Despite the commotion the Act became law in 2001, BUT with very specific amendments.
Concerning our subject, which is Massage in all forms of touch, the act specifies the term “Therapeutic massage therapy” as the registered modality, among others, which are pretty clear, here is a list registered boards with Allied Health Professions Council of South Africa:
The Boards are grouped as follows:
1. Professional Board for Ayurveda, Chinese Medicine & Acupuncture
2. Professional Board for Chiropractic & Osteopathy
3. Professional Board for Homeopathy, Naturopathy, & Phytotherapy
4. Professional Board for Therapeutic Aromatherapy, Therapeutic Reflexology, and Therapeutic Massage Therapy.
As we can see there is no confusion with any board besides the fourth: Therapeutic Aromatherapy, Therapeutic Reflexology, and Therapeutic Massage Therapy.
As you can see each one has the prefix Therapeutic, which differentiates itself from any other modality on the market.
And contrary to the misleading information that the writer of the odyssey June article stated, that no matter what modality you practice, you MUST register with the AHPCSA (Allied Health Professions Council of South Africa) to be practicing legally, you actually CAN practice your learnt modality as you wish as long as you don’t name it Therapeutic so and so, as shown above, and you DO NOThave to register with the AHPCSA.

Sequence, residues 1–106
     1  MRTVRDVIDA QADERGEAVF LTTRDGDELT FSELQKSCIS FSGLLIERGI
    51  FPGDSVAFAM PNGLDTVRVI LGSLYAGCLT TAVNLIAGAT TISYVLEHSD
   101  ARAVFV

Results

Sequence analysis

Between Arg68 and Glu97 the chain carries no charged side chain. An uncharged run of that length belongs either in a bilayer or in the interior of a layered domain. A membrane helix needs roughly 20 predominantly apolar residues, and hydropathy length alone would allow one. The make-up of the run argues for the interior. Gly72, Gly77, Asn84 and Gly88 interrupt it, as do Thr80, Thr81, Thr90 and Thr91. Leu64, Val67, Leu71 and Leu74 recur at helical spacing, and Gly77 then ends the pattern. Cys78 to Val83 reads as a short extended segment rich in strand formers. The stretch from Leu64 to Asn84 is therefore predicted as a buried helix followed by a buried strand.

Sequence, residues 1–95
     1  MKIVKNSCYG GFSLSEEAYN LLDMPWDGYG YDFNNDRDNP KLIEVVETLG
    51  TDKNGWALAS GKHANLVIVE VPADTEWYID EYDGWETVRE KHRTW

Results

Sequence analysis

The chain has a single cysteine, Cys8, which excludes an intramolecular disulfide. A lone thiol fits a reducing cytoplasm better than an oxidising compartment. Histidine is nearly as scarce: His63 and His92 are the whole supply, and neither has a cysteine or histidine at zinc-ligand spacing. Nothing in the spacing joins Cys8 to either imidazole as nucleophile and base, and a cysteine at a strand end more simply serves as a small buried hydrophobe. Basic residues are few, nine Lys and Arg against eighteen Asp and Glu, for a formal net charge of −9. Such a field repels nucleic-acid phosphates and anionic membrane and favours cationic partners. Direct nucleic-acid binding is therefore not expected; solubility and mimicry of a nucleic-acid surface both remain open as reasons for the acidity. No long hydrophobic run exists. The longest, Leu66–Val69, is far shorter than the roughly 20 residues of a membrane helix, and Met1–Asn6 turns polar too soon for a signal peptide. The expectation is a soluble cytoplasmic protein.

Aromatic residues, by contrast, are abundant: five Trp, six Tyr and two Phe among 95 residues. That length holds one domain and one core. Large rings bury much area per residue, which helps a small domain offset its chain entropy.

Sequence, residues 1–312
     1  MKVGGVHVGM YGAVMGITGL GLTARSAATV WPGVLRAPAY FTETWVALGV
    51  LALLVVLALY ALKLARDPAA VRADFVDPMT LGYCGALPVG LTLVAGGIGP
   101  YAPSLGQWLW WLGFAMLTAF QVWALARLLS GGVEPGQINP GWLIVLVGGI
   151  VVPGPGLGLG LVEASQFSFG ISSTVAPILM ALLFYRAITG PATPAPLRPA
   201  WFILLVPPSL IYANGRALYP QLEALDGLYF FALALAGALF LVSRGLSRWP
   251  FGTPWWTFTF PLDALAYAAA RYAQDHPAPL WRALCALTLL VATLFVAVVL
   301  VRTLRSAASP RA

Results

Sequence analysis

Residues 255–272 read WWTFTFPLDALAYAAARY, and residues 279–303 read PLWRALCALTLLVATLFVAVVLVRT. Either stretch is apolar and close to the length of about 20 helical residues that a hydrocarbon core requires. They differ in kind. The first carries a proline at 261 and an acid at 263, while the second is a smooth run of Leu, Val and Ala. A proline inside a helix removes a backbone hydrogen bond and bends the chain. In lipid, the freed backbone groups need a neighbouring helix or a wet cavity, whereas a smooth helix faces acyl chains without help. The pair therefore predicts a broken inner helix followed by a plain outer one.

The Health and beauty, Leisure and Spa industry have been offering professional training in South Africa in the fields of Holistic massage, sports massage Aromatherapy, Reflexology, just to name a few, since 1952. These trainings are offered by reputable institutions all over the country, and are registered endorsed and regulated by the Department of education PAB (The Professional Accreditation Body for the Health & Skincare Industry, website (http://www.pab.org.za/index.html) which controls Long and short term courses offered in the field of the Health & Skincare Industry, there are international examinations and diplomas offerd in south africa by ITEC (International Therapy Examination Council GB) and SIBTAC, which are well respected and registered with the education department. These institutions offer short term proffesinal trainings in Holistic massage, sports massage, Rebalancing deep tissue massage, Hot Stone massage , Reflexology, and more, which don’t last the compulsory 2 years ( which I hear is rising to 3) to complete the “Therapeutic masage therapy” course and register with the AHPCSA.
So what really is needed is to realise that if you want to practice in any of these modalities Aromatherapy, Reflexology, and any form of Massage, you need to decide the level of learning that you want to acquire, assess what is available on the market in term of trainings, and do the training that suits you best, there is much more out there than some would have you believe.